Summary: What to do when we face oppositon from the people who should be helping us.
Intro: Variation on a skit from The Ideas Library: Drama, Skits, and Sketches 3 (Working Parts, 97-99)
The last few weeks we have been looking at opposition that we face in our lives. We talked about verbal ridicule and discouragement two weeks ago and growing opposition last week. Both weeks we touched upon the importance of having a support group. This was a major reason that the Israelites were able to continue their work on rebuilding the wall both when they were facing the verbal ridicule and when the opposition increased and got worse.
What I would like to focus on tonight is when we face opposition that comes from within our support group. Just like in the skit, where a car is supposed to be a help to us, getting us from place to place, sometimes things go wrong and it suddenly isn’t a help and support but instead, becomes a frustration and discouragement. This is what can happen in our support groups from time to time. Instead of being a help, sometimes certain parts, in a sense, break or go bad, and they become an opposition that we didn’t expect.
This is exactly what happened with the Israelites as they continued building the walls of Jerusalem. In Nehemiah 5:1-13, it tells us about the opposition that came from within their support group that threatened the building of the wall once again.
***Read Nehemiah 5:1-13***
Right away in chapter 5 we see that there are a number of issues that the Israelites are facing. In verse 3, there is mention of a famine. Obviously there had been a lack of rain and a failure with crops that led to lower amounts of food than normal. In verse 4, the people are complaining about being able to pay their taxes to the king. As these are both major issues that can cause a lot of stress and frustration, neither is the main issue in these verses. Notice verse one does not say, “The men and their wives raised a cry of protest against” the king and his taxes or against God and the lack of rain. Instead it says that, “The men and their wives raised a cry of protest against their fellow Jews.”
What was happening here was a case of the rich Jews exploiting the poor Jews. In other words, the rich were getting richer and the poor were getting poorer. Here is the sequence of events that would have likely happened in Jerusalem. Due to the fact of the drought and famine, there was a shortage of food therefore likely driving up prices due to the demand but also leaving farming families crippled due to the fact that they had little food to sell. These problems, along with the issue of taxation from the king, lead these poorer families to mortgage their fields and take out a loan from the richer Jews in order to buy food. When the families then ran into difficulty paying the loan back with interest, their fields and land was taken from them. The families, in turn, then had to sell their sons and/or daughters into slavery just to have money to live and survive. Culturally, this was a very normal process that happened often in nations all over the world.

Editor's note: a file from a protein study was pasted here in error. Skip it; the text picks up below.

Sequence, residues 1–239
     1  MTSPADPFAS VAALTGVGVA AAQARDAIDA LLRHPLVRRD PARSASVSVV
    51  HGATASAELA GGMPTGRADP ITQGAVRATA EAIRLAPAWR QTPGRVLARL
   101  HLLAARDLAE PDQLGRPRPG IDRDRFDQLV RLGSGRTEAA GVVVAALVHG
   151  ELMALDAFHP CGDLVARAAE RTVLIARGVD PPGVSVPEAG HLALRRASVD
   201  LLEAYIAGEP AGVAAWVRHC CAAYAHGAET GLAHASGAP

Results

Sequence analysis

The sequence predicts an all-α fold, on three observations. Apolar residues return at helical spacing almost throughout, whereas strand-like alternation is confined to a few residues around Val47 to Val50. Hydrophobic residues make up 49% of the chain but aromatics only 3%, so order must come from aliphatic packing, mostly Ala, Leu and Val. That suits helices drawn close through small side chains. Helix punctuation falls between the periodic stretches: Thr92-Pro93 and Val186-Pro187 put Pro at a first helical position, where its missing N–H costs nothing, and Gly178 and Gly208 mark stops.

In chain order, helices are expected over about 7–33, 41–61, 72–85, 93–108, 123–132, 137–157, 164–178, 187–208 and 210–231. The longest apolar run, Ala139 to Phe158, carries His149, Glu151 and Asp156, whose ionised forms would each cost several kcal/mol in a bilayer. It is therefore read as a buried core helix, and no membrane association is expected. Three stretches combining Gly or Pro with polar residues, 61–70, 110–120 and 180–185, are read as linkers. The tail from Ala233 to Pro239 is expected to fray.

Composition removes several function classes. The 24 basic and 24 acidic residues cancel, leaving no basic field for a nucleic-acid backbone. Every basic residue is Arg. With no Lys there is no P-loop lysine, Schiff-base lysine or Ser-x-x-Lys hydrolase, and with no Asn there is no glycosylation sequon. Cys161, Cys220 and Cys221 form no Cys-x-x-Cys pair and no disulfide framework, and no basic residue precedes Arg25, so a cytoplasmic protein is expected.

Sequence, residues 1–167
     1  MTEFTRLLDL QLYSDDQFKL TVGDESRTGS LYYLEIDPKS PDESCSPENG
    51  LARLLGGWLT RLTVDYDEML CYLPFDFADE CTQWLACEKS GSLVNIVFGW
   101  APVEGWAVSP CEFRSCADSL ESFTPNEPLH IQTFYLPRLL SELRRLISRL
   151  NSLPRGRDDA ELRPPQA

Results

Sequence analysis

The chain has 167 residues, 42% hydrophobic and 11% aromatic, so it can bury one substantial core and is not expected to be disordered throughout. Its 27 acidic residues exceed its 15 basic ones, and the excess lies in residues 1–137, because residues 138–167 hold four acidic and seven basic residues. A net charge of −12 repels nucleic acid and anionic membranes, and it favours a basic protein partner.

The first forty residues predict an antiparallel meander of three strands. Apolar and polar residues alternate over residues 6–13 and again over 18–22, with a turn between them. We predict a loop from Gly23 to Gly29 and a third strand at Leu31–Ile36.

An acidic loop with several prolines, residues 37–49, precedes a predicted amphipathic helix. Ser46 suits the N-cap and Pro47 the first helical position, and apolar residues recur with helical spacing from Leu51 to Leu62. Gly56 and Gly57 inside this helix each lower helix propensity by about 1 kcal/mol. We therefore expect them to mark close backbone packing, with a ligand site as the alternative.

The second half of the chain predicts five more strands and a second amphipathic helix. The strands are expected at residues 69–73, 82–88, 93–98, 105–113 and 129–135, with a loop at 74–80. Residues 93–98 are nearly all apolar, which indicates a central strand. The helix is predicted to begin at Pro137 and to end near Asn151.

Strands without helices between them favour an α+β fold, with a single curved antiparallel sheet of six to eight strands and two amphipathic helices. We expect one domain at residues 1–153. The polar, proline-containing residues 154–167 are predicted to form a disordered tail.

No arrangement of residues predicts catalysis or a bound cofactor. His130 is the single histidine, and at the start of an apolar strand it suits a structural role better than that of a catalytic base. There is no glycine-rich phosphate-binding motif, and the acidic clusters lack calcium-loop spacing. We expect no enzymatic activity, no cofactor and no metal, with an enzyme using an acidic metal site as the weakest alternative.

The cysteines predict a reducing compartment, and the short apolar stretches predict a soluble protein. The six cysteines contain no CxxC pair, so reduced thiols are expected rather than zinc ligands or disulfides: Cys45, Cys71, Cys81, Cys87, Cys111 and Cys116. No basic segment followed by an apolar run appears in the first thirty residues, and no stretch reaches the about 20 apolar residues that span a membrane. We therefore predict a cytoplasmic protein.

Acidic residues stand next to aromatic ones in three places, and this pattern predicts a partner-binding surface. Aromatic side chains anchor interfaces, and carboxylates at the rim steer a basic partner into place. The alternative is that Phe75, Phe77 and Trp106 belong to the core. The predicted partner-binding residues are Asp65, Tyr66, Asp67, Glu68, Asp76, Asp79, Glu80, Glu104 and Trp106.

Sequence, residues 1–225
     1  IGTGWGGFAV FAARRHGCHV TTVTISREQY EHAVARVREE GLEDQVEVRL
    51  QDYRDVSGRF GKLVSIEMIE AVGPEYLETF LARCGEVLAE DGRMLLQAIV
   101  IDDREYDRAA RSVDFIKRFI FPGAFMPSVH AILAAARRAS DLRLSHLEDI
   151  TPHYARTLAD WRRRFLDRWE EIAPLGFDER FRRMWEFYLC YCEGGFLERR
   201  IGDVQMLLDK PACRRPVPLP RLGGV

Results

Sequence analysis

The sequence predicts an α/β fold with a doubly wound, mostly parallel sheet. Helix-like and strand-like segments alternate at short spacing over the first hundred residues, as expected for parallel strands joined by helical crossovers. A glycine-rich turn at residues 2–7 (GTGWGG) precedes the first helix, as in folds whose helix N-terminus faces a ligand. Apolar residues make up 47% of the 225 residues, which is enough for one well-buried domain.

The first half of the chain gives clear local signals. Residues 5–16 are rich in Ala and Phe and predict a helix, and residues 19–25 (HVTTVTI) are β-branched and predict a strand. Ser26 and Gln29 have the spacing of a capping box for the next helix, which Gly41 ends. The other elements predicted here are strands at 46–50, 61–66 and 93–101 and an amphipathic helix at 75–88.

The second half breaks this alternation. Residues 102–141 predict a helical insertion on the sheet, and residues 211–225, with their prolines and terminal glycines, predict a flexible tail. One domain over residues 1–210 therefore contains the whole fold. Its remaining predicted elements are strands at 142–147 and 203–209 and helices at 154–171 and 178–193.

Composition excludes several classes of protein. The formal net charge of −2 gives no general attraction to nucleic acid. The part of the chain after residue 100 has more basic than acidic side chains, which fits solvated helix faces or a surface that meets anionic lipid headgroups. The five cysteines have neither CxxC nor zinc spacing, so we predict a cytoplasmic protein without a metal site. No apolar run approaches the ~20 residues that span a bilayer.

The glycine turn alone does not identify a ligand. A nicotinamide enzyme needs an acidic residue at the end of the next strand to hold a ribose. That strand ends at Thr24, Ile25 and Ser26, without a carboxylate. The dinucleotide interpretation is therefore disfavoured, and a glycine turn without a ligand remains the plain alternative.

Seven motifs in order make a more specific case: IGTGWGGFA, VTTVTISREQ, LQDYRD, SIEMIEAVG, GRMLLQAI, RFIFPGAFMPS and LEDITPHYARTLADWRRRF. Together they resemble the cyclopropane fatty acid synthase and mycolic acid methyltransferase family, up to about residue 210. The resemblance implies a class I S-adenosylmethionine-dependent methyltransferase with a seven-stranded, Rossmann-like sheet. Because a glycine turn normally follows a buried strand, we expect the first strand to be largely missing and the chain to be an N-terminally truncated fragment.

The problem though, was not in the process itself, but instead in commands that God had given the people earlier. Three times in the Bible, Exodus 22:25, Leviticus 25:36, and Deuteronomy 23:19, the Israelites were told not to charge a fellow Jew, a brother, interest to gain a profit. They were not supposed to take advantage of them. Instead, they were supposed to care for the poor among them.
Even though the practice was normal for other countries, God exclaimed to His people, “I want you to be different!” He didn’t want the people treating one another with greed and selfish reasons on their hearts but rather love, support, and encouragement.
This claim stands for us today. As most of us can not relate with this situation of loans, and losing land, and selling our children to slavery, we can relate to the issue of how to treat people based on God’s Word. In Matthew 22:39, Jesus says the second greatest commandment is to “Love our neighbors.” God exclaims, “I don’t care what the world says are ok and not ok ways to treat someone. I want you to different; I want you to love one another.” It is when people ignore God’s Word and begin to live in greed and selfishness just like the Israelites did, that we face opposition from within our support groups.
One of the biggest forms of opposition that comes from within our support groups is verbal attacks on one another. The book of James claims that the tongue is like a fire that can do a lot of damage. All too often, we have a tendency to cut one another down and make fun of one another. Most of the time, we claim that it is just harmless joking around but I think there are more times where people go away feeling hurt instead of laughing. I know that we do it because we are uncomfortable with a situation so we make fun of someone else to shift the focus but it is a selfish act that causes more harm than harmless laughter.